To the Editor:
I have recently had meaningful discussions with several graduate students from Cornell, who have encouraged me to explain to others what I have said to them about the signing of the letter concerning Avital Ronell. I am grateful to these students for their willingness to speak and to listen and to allow me to do the same. I explained to them that, although I have offered to the Cornell students to speak to them either individually or, by anonymous request, as a group, I have previously been reluctant to issue a formal statement or be interviewed for a paper. This is because of the likelihood of distortion in these contexts and because of the tendency for explanations to appear to be excuses, or to appear as attempts to purify oneself by condemning others. Nonetheless, as the students have indicated to me, they found it helpful to hear some of the context for my signing (and that of others), so I am reiterating my comments here. This context includes the fact that the letter that appeared in public was not a letter of which many of us approve. Several of us, indeed, never read the final form of the letter that was ultimately submitted. The reasons for this are varied among the signers I know, and we are all aware of the problems surrounding such hurried action. As I told the students, many of us had fragments of information last spring (only fragments were possible because of the privacy rules surrounding such investigations) amounting to the following: that a colleague, who was in many cases also a friend of the signers, had been found guilty of sexual harassment as a result of some e-mails deemed inappropriate; that she was either fired or about to be fired; and that any response to this must be made immediately to be effective. Those of us (including me) who have worked hard to bring forward Title IX and other harassment cases on behalf of students or other faculty, or who have observed the results of investigations led by universities, were aware that there are times when a university may seem to be focused more on protecting its bottom line than on adjudicating properly and with care, thus leaving either the accuser or accused with an unjust result. We thus agreed to sign a letter whose aim would be to alert the university to our awareness of the procedure and to urge the university to take care in deciding upon a punishment that was just and in proportion to the offense. As many of us understood it, the letter would not be focused on either accuser or accused (on the intent of the accuser or on the fame or the accused) but rather on the process, one that should be followed regardless of who accuser and accused happened to be. Upon reading the letter that appeared, many of us felt that the letter was improper and that we certainly did not (and do not) wish to appear to condone any attempts to silence or defame accusers or to condone abuses of power by those who have it. As a person who works on trauma, I am particularly aware of the forms of denial that either purposely or inadvertently emerge in the public sphere and of the problem of creating environments where speaking out feels dangerous. As I have frequently discussed with students and in my work, it is always important to listen, even when listening is hard and most of all when it challenges our assumptions.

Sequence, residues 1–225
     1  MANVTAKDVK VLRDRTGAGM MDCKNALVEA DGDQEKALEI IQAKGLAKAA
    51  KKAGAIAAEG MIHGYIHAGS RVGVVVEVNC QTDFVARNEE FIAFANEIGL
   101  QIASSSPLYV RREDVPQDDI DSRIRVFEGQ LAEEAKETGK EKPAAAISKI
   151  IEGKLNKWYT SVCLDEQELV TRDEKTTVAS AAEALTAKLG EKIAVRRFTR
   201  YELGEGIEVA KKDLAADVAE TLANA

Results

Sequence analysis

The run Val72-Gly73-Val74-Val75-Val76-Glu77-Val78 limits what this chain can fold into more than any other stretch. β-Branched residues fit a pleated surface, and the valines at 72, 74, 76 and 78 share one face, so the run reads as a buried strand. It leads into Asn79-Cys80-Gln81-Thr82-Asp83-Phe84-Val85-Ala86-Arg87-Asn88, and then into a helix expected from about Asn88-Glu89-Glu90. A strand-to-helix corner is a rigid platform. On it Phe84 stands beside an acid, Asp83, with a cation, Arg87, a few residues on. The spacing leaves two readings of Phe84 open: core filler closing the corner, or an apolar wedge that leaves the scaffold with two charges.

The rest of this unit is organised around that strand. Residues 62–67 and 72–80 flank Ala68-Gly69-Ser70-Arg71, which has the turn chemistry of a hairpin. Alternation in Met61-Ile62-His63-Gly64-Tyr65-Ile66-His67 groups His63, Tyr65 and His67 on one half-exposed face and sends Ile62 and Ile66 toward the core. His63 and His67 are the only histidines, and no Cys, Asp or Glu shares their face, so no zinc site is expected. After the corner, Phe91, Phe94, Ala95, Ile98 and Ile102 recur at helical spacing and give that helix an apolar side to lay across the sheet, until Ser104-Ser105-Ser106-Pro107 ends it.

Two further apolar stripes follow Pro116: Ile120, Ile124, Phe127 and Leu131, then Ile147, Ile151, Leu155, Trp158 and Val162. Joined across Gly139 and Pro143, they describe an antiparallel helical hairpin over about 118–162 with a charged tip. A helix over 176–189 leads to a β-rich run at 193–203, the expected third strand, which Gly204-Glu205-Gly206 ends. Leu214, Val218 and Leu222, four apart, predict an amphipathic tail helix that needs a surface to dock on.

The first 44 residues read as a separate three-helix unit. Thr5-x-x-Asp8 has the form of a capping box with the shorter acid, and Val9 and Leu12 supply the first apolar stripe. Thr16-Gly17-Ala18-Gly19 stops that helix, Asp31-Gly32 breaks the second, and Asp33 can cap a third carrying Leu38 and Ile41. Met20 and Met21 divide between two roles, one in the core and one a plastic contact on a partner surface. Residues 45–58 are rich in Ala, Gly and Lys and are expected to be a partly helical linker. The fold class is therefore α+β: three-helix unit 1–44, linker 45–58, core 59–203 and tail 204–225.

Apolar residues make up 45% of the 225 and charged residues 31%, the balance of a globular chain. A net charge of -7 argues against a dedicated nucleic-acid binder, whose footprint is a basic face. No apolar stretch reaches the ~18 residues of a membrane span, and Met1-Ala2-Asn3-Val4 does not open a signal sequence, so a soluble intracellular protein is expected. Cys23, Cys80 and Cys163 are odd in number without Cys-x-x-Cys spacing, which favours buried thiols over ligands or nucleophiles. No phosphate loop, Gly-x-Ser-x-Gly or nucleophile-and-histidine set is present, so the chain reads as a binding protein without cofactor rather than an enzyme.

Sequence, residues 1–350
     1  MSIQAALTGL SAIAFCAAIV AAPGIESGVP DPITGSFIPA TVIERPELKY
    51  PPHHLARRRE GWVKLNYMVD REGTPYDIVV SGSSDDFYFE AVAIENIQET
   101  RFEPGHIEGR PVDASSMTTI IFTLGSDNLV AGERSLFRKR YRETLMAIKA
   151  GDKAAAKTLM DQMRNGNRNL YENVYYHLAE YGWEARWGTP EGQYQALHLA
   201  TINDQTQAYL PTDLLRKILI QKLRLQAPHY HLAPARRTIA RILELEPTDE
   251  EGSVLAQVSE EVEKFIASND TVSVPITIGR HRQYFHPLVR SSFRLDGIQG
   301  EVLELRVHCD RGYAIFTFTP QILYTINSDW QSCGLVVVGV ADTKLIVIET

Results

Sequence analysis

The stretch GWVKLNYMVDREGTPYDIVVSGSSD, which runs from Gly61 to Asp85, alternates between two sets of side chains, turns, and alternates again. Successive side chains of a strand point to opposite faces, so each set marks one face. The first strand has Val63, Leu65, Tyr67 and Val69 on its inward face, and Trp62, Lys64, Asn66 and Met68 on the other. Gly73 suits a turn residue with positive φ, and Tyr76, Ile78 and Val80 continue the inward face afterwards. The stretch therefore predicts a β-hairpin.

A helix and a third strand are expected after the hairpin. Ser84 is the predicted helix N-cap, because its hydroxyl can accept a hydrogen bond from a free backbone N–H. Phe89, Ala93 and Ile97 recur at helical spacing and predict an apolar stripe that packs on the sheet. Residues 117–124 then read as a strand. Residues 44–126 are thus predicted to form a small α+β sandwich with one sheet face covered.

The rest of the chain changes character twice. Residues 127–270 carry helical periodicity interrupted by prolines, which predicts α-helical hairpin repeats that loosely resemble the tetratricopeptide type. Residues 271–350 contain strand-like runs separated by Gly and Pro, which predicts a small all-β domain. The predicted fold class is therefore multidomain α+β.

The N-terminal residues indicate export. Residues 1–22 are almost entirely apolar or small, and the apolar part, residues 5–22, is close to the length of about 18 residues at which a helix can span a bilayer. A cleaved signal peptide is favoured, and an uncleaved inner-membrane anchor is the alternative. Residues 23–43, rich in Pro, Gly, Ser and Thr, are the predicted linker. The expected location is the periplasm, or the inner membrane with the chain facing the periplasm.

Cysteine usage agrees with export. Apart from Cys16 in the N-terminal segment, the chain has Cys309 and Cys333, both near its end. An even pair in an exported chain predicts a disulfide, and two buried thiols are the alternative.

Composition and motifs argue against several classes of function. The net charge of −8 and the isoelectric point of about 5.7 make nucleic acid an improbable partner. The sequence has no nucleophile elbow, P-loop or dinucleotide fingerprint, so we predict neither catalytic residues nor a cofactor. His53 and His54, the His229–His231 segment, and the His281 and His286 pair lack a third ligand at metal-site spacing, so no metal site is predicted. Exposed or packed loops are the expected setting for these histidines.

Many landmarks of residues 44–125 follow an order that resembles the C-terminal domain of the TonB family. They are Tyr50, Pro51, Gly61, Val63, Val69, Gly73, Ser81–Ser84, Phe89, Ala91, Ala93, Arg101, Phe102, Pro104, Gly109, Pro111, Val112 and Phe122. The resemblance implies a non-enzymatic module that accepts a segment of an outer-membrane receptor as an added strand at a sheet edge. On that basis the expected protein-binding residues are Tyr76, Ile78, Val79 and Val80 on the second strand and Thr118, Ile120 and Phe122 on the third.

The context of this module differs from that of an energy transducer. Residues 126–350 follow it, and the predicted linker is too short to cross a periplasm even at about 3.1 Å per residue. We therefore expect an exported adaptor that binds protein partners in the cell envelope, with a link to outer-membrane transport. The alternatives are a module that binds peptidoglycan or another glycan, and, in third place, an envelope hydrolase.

It is for this reason that I express gratitude, again, to those at Cornell and elsewhere who are engaging in the difficult process of listening and speaking. My students were relieved to hear that there are other signers who may share my feelings but, for reasons similar to my own, have not come forward because of their own concerns about not being heard, rather than because of a desire to double down on support for this letter. What this case reminds us is that rushing to judgment, or to action, in an emergency, of believing we can afford not to think under these circumstances — or not to listen in a crisis — usually leads to unfortunate consequences.
Prof. Cathy Caruth
Frank H. T. Rhodes Professor of Humane Letters